The second one was a tad more consequential; I made a move on my friend whose couch I was crashing on. I had reasons to believe things were heading in that direction, we had done some things on her recent visit up north, but it turned out she had a dude in town, which she kinda hinted at, kinda. Whatever, I’m not gonna make excuses for myself aside from the ones I’ve already made. I heard what I wanted to hear, I misread the situation like I misread “Enjoy Your Worries,” and now I had no waffles. I had nothing but an awkward apology to make in the morning.

It wasn’t awkward at all though, she was totally cool about it, which was weird; that it wasn’t weird. It was like part of me wanted it to be weird, but it simply wasn’t. We just hugged and I made breakfast; a couple of French omelettes with my handy dandy omelette pan that I brought with me. Some might view that as weird, that I brought a pan with me-for the sole purpose of making omelettes- on a cross country road trip. But it turned out to be a great idea, I wish I’d brought a waffle iron too. I might not have found myself in this weird unweird situation.

It got weird again, but with someone else, one of my friend’s friends. But weird in a different way, weird like confusing.

You ever feel like your vibing with someone? Then you start dancing? Then you start dancing closely? Then you start making off kilter jokes, and they still laugh? And then you start dancing closer? Then they pull you in closer as you pull them in closer, even though you’re about as close as two people can be without sharing the same skin? And then they just go home at the end of the night, and you feel like a fuckin’ crazy person? You think, “did I just make all that up, were we not just dancing closely and laughing like mad?” You think, “did that person even exist?” You think, “am I even in Nashville right now? What year is it?” And nothing makes sense. Weird like that.

I always assumed I would get used to taking L’s, my life was about 97% taking L’s in that department. But every L stung in a new and interesting way, I never had two L’s like that back to back though, in such quick succession. Good lord, my poor ego. I guess it was the same reason I never got used to the Knicks taking L’s, they had been doing it for about 97% of my life as well, but still, every loss took a little bit out of me.

So I headed to Memphis where my New York Knickerbockers would be taking on the Memphis Grizzlies. Before I headed to the arena I stopped to get some of the City’s critically acclaimed BBQ. About 10-15 minutes after I placed my order the lady at the counter came over to my table to apologize and said they forgot to put my order in, and it would be another 10 minutes. I was in no rush and didn’t care, I told her it was all good. She started to walk away then stopped about 5 steps later, turned and asked, “you want some pie?” What kind of question was that, of course I wanted some pie, I would’ve waited another 2 hours for some free pie. So the ribs came with all the fixins’, and the pie came in one of those plastic to go things, and I was feeling great about Memphis. The ribs were sliding off the bone and I wanted to just drink the sauce they had on them, the beans and slaw were holding down the rhythm section, and the dude who worked there kept refilling my sweet tea, without me even wanting him too.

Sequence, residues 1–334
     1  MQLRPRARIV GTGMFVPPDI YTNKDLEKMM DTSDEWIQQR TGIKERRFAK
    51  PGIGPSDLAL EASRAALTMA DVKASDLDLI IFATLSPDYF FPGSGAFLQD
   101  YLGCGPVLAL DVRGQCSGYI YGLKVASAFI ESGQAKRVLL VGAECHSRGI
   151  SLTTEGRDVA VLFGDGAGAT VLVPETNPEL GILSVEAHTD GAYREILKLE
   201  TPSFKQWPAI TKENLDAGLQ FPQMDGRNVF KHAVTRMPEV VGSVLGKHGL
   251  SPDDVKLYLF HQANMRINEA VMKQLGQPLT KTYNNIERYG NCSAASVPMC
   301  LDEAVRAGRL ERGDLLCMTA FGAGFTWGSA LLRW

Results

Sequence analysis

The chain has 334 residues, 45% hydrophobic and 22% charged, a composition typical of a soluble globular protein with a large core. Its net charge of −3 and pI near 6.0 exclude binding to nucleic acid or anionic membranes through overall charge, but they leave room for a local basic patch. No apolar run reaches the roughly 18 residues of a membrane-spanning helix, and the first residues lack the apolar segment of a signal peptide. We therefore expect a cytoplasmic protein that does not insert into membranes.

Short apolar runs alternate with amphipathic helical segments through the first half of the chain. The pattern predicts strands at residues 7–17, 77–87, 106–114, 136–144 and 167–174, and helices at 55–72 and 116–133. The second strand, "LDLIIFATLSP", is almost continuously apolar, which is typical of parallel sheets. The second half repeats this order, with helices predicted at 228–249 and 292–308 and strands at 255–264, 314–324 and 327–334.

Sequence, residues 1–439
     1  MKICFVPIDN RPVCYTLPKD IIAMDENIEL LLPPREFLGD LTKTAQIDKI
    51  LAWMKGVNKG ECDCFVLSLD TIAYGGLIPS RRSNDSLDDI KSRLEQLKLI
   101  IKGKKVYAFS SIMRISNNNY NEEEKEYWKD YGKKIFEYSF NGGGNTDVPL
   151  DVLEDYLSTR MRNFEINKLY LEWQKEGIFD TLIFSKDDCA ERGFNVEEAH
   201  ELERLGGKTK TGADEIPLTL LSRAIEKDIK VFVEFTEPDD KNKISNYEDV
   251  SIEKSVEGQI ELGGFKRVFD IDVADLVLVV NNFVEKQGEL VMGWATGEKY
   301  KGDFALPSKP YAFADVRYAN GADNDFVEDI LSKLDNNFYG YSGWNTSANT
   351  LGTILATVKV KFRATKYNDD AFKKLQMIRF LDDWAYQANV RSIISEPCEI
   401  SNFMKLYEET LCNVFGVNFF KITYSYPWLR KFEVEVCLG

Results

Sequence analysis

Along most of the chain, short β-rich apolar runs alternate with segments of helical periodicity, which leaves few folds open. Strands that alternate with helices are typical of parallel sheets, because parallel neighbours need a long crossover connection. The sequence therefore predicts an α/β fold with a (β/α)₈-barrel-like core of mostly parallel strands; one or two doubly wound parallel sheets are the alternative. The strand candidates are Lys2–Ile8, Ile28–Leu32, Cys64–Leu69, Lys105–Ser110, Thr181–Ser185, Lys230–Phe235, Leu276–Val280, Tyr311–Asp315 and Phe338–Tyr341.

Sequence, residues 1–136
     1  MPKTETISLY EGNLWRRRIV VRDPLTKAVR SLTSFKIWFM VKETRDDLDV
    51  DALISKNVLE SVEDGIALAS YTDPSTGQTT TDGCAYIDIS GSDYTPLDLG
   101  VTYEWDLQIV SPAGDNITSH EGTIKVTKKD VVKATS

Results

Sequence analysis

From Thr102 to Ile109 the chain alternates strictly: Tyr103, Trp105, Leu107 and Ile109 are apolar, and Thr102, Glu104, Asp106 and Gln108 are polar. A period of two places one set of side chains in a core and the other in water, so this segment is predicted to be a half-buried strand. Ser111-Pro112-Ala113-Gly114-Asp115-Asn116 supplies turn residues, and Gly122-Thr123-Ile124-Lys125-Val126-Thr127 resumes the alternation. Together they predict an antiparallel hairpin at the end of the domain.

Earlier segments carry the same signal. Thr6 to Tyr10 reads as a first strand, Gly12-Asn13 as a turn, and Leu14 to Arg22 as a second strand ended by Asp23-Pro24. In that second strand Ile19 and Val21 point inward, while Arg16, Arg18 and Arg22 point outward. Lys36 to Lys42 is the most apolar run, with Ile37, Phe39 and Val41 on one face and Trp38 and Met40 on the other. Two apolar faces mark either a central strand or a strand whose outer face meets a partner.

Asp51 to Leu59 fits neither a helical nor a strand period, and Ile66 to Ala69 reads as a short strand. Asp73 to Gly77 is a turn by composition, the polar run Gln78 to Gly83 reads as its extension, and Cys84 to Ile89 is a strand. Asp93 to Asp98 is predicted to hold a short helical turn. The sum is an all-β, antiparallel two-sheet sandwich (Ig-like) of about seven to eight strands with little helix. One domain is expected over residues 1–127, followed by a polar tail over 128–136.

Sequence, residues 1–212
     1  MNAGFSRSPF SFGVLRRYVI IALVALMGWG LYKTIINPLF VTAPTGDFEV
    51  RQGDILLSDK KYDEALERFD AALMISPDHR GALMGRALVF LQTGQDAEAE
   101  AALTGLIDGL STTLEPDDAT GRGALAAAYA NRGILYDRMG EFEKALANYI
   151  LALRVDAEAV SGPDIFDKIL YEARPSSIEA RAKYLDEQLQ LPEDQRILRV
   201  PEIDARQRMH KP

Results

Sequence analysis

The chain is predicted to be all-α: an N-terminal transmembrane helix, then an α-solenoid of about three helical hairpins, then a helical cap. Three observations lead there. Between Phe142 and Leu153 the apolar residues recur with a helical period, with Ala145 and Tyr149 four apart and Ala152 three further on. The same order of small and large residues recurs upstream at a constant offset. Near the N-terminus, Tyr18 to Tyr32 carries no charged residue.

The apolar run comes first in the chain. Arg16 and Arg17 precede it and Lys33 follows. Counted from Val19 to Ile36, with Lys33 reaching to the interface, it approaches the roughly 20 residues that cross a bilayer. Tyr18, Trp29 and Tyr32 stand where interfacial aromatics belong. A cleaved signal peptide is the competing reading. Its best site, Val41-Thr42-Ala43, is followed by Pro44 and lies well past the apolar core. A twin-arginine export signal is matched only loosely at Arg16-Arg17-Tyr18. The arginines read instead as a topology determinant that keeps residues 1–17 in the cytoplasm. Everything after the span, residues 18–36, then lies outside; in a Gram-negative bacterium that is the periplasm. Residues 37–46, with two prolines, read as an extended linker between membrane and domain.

I parked a few blocks from the arena, and before I got out of my car I took a few bites of the sweet potato pie, and lemme tell ya, that was some good fuckin’ pie. I walked towards the arena and there was live blues blasting up and down Beale St, everything was coming up aces.

Right before the game started the Grizzlies were showing their corny-white-dude-sideline-reporter-guy on the jumbotron. This guy was wearing these silly shoes that were bedazzled in like fake diamonds or something, trying to be fly; acting like he was Walt “Clyde” Frazier. While the man, the myth, the legend; Clyde himself, was sitting right behind the scorer’s table, in a beautiful checkered tan suit, announcing the game for MSG. Get that weak ass bullshit out of here with those ridiculous shoes. Save your gawdy nonsense for when the flyest human and greatest Knick of all time wasn’t sitting right behind you. They had to beat the Grizzlies now, for Clyde.

But the game started and the game ended, and I didn’t want to talk about the game, it was just going to get me in a tizzy. Because the Grizzlies, well, they were bad. They were a bad team. They used to be good, they used to be very good. They had a very good run, but now they were bad. Mike Conley and Marc Gasol were the only ones still on the team from the used-to-be-good years, and they were both out of this game with injuries. So there team was Tyreke Evans, JaMychal Green and a bunch of people I’d either never heard of or wasn’t aware got any minutes for a professional basketball team.

But I didn’t wanna talk about the game, because the Knicks just pissed me off any time I gave them any thought. I knew they were gonna suck this year, I was very prepared for them to be awful. Then they came out the first two months of the year, and Porzingis was looking like something the NBA had never seen before, Enes Kanter was a complete fuckin’ mad man who grabbed every offensive rebound possible and started fights with LeBron James, and all the role players were playing great and having career starts to their year, and they were fun to watch. They sucked me in, and I started getting ideas about them being good. But they weren’t good, they just fooled me, AGAIN!!

So I didn’t wanna talk about the game. It was a very weird game, with a very weird ending, but weird in a different way, weird like confusing.